U.S. manufacturing vibrant, claims economist at CSIA conference
The 2009 Control System Integrator Association Annual Executive Conference highlights the end of an era and reports some of the first signs of a pending economic upturn. Long-time executive director Norm O’Leary says this would be his last conference as host; Lynda Patterson, president, and Robert Lowe, executive director (photo in story) will lead.
Naples, FL– This year’s Control System Integrator Association’s (CSIA) conference here began with an end. Long-time executive director Norm O’Leary officially announced that this would be his last conference as host.
Robert Lowe (photo, left; also president of Loman Control Systems ) replaces O'Leary as executive director, in addition to Lynda Patterson, who now serves in the recently created position of CSIA President.
Click here to read more about this change.
Overall attendance at this year’s meeting is flat compared to last year, following a continual rate of increase over the previous 15-year history of the organization’s annual conference. A flat level of attendance in difficult economic times, however, is major feat. O’Leary pointed out that other, similar-sized conferences—such as MESA —have cancelled events for this year.
As it has for the last two years, CSIA launched this year’s conference with a report from economist Alan Beaulieu of the Institute for Trend Research . Beaulieu correctly called the current recession—both in timing and severity—at least year’s conference to a somewhat stunned audience that had some difficulty digesting how tough the economic times into which we were headed would be.
Since his economic predictions have been so accurate, here’s a summary of what he had to say at this year’s conference:
Though industrial production remains at its lowest level in 30 years, we have not hit bottom yet. “The rate of decline is easing,” says Beaulieu, “but inventories are still higher than incoming orders. We remain six to eight months away from recovery. And that recovery will be mild. 2011, however, will be a good year economically.”
Despite the current deep recession, Beaulieu points out that the U.S. remains the world’s manufacturing powerhouse—outpacing China’s production capability by 2:1. The U.S. is also still the world’s leading exporter, ahead of Germany, China, Japan, and U.K. “Manufacturing in the U.S. is not dying,” he says. “We’re just doing more with less. Production is down now, but that is compared to the past few years when we saw the highest levels of production in the U.S. since World War II. We’re vibrant.”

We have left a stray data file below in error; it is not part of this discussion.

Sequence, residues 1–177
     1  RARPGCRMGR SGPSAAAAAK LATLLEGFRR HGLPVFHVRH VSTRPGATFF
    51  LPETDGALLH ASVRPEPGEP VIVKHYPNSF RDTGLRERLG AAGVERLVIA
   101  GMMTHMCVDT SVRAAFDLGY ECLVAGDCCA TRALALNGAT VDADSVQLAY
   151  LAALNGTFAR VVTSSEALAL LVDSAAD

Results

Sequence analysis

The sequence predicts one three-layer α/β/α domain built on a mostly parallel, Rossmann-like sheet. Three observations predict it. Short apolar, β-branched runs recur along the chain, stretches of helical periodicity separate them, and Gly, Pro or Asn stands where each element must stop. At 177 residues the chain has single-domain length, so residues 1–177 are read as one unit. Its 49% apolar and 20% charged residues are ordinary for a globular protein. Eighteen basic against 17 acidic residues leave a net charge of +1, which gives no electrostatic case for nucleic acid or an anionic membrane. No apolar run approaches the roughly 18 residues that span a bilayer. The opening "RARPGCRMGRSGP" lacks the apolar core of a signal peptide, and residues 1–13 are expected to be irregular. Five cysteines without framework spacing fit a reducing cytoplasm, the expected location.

Three of the eight indicators the Institute for Trend Research follows are showing positive signs. When five of those are positive, the Institute will consider a recovery to be underway. The three showing positive signs are: money supply is increasing; bond prices are rising; and the ISM Index, though still in contraction, has been gaining for 3 months straight.
In particular, Beaulieu predicts good growth for the food and beverage and medical device industries. He also predicts a rise in commodity prices over the next year or two, especially copper and oil, as economic pressures build with a revitalized economy. He also recommends investment in cement, steel, and construction machinery manufacturers, as they will be near-term beneficiaries of government infrastructure spending.
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– David Greenfield , editorial director
Control Engineering News Desk
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2012 Salary Survey
In a year when manufacturing continued to lead the economic rebound, it makes sense that plant manager bonuses rebounded. Plant Engineering’s annual Salary Survey shows both wages and bonuses rose in 2012 after a retreat the year before.
Average salary across all job titles for plant floor management rose 3.5% to $95,446, and bonus compensation jumped to $15,162, a 4.2% increase from the 2010 level and double the 2011 total, which showed a sharp drop in bonus.